Volkswagen could take Porsche public to fund electrification


Some reports have valued the Porsche at as much as US$226 billion. Other estimates place it closer to US$96 billion

Electric vehicles cost a lot of money to develop, and because of that, the Volkswagen Group is thinking about taking Porsche, one of the crown jewels of its stable of marques, public.

After years of speculation, the multinational automobile group and the Piëch and Porsche families announced on Tuesday that they have agreed to look into an initial public offering, reports The Times of London. The move, which would spin off the sports car maker as its own separate company, would help fund Volkswagen’s future electrification efforts and potentially return more control of Porsche to the descendants of its founder.

Porsche, which is best known for its iconic 911 sports car, is one of the most storied marques in automotive history. Its relationship with Volkswagen goes back to before World War II, and in 2009 it formally became one of the group’s brands. But while Volkswagen is the automaker’s parent company, Porsche Automobil Holding, the investment group for the Piëch and Porsche families, owns 51 percent of its voting rights. If that sounds complicated that’s because it is—although the arrangement has also proven to be very lucrative for both sides.

2022 Porsche 911 GT3
2022 Porsche 911 GT3

So, how much would a Porsche be worth as a standalone company? Taking into the account recent valuations of other brands, like Tesla at US$875 million, some have speculated the marque could be worth as much as US$226.2 billion, according to The Times. That number would is much higher than the current US$130 billion stock market value of its parent company. More traditional metrics, Bloomberg Businessweek points out, value the brand at closer to US$96 billion.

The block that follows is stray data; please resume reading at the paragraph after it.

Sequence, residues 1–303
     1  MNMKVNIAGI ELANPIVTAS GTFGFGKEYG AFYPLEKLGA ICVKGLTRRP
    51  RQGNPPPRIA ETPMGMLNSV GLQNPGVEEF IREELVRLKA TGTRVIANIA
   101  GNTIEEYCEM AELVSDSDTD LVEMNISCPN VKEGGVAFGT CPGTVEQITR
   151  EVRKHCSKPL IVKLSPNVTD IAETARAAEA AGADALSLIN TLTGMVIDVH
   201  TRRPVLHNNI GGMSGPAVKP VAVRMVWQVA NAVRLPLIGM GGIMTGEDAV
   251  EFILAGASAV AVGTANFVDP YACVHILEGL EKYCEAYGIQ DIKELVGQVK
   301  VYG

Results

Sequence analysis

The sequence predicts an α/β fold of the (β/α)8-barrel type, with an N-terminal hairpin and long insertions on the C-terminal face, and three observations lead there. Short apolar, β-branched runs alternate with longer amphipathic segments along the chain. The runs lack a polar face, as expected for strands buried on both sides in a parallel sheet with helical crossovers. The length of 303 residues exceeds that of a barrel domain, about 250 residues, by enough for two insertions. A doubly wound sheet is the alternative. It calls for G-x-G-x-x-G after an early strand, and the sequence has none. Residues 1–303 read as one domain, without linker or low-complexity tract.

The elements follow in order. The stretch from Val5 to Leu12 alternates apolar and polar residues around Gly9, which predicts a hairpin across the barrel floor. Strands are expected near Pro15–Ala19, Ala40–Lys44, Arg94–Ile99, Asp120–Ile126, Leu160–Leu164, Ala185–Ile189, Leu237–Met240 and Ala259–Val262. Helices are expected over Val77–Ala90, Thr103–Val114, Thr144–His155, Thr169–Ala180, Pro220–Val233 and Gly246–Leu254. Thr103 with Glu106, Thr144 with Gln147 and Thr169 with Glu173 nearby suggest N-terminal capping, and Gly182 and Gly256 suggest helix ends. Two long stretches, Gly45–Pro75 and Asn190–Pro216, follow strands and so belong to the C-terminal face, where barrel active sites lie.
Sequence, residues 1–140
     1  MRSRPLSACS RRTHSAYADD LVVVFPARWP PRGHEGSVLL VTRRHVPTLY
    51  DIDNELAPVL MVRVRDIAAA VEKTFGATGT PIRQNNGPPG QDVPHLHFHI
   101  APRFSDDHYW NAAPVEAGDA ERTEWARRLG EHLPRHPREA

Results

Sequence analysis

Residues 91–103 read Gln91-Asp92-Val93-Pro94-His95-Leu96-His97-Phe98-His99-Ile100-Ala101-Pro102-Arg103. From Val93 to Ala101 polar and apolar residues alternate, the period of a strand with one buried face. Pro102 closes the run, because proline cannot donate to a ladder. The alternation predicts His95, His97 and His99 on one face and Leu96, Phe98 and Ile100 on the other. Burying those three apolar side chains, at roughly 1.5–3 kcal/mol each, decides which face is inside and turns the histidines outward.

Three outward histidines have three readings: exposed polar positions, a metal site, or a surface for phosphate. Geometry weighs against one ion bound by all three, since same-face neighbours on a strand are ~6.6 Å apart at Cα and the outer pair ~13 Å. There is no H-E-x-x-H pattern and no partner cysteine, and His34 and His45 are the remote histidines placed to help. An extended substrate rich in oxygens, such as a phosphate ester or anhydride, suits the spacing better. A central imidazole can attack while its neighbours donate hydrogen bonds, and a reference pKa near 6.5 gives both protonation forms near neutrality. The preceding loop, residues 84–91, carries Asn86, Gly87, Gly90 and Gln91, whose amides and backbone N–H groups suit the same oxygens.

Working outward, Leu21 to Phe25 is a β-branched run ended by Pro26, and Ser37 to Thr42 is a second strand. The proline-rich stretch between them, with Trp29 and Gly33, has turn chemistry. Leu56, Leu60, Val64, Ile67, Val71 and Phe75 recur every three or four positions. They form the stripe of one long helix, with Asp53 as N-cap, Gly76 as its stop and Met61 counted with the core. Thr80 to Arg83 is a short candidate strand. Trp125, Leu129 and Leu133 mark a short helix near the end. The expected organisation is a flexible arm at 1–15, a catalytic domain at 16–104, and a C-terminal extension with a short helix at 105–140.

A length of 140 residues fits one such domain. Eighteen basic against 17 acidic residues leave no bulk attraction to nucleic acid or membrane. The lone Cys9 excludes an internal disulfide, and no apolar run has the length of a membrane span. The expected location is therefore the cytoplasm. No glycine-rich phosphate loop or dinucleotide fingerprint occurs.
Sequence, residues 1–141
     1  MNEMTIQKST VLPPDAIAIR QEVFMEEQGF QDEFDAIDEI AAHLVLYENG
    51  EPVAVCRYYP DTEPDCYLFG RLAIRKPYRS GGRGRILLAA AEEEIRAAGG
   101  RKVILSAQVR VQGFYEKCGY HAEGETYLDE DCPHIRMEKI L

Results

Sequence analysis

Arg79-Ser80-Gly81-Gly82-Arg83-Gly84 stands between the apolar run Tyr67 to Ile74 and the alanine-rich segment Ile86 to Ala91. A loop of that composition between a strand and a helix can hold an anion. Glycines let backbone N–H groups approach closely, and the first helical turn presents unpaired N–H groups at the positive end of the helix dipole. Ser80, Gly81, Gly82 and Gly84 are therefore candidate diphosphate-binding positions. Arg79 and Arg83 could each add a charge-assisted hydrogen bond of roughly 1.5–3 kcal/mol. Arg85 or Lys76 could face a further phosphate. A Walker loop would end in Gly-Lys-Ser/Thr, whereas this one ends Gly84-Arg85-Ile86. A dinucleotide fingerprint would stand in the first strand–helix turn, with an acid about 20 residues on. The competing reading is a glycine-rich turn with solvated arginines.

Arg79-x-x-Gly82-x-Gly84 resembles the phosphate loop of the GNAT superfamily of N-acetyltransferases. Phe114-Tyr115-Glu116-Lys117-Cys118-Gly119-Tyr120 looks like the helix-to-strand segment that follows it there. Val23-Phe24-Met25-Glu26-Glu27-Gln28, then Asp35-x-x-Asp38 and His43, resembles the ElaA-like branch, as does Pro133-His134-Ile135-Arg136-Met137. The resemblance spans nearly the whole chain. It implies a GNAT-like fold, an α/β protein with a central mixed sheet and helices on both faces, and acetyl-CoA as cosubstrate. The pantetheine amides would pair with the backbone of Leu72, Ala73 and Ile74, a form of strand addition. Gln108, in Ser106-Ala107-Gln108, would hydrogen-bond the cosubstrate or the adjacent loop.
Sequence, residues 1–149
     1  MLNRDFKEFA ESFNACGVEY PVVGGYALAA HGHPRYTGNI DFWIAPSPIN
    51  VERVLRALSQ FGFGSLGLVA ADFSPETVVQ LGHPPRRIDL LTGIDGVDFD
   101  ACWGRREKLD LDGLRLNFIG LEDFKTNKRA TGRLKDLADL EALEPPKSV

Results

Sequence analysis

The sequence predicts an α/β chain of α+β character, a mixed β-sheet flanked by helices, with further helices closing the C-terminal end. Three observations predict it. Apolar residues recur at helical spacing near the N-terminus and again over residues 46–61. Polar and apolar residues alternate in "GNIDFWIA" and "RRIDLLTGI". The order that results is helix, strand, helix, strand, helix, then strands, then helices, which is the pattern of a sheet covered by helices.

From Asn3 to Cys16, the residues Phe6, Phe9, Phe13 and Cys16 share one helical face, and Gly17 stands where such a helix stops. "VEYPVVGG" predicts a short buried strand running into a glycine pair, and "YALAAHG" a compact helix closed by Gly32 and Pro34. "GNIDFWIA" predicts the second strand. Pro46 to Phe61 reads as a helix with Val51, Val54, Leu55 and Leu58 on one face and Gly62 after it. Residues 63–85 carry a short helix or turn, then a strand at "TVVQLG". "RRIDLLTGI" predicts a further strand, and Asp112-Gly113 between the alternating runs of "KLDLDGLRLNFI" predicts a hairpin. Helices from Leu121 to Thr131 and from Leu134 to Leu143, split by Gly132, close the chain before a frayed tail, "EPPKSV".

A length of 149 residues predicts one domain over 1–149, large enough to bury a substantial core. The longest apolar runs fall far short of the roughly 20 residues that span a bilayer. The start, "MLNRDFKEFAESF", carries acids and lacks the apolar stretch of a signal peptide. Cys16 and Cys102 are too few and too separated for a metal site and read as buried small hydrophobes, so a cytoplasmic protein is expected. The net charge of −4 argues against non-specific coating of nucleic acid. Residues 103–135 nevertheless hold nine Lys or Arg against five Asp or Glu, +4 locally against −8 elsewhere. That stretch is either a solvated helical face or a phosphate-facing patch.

That valuation uncertainty is just one reason taking Porsche public won’t be easy. The move would have to be approved by Volkswagen’s advisory board, reports The New York Times. Because of that, it could be vetoed by the State of Lower Saxony, which has two seats on the 20-seat board. It could also be vetoed by the auto group’s workers, who have 10 seats. Even if a move to separate the business is approved, Volkswagen is expected to retain at least some stake in Porsche.

Regardless of what happens, if Volkswagen is serious about electrification, it may want to look to Porsche for inspiration. While the former’s first battery-powered vehicles have failed to make waves, the Porsche Taycan has impressed critics and drivers alike. Generally considered one of the best—and fastest-charging—EVs on the market, it’s already the brand’s third best-selling model after just two years.


This story was first published on Robb Report USA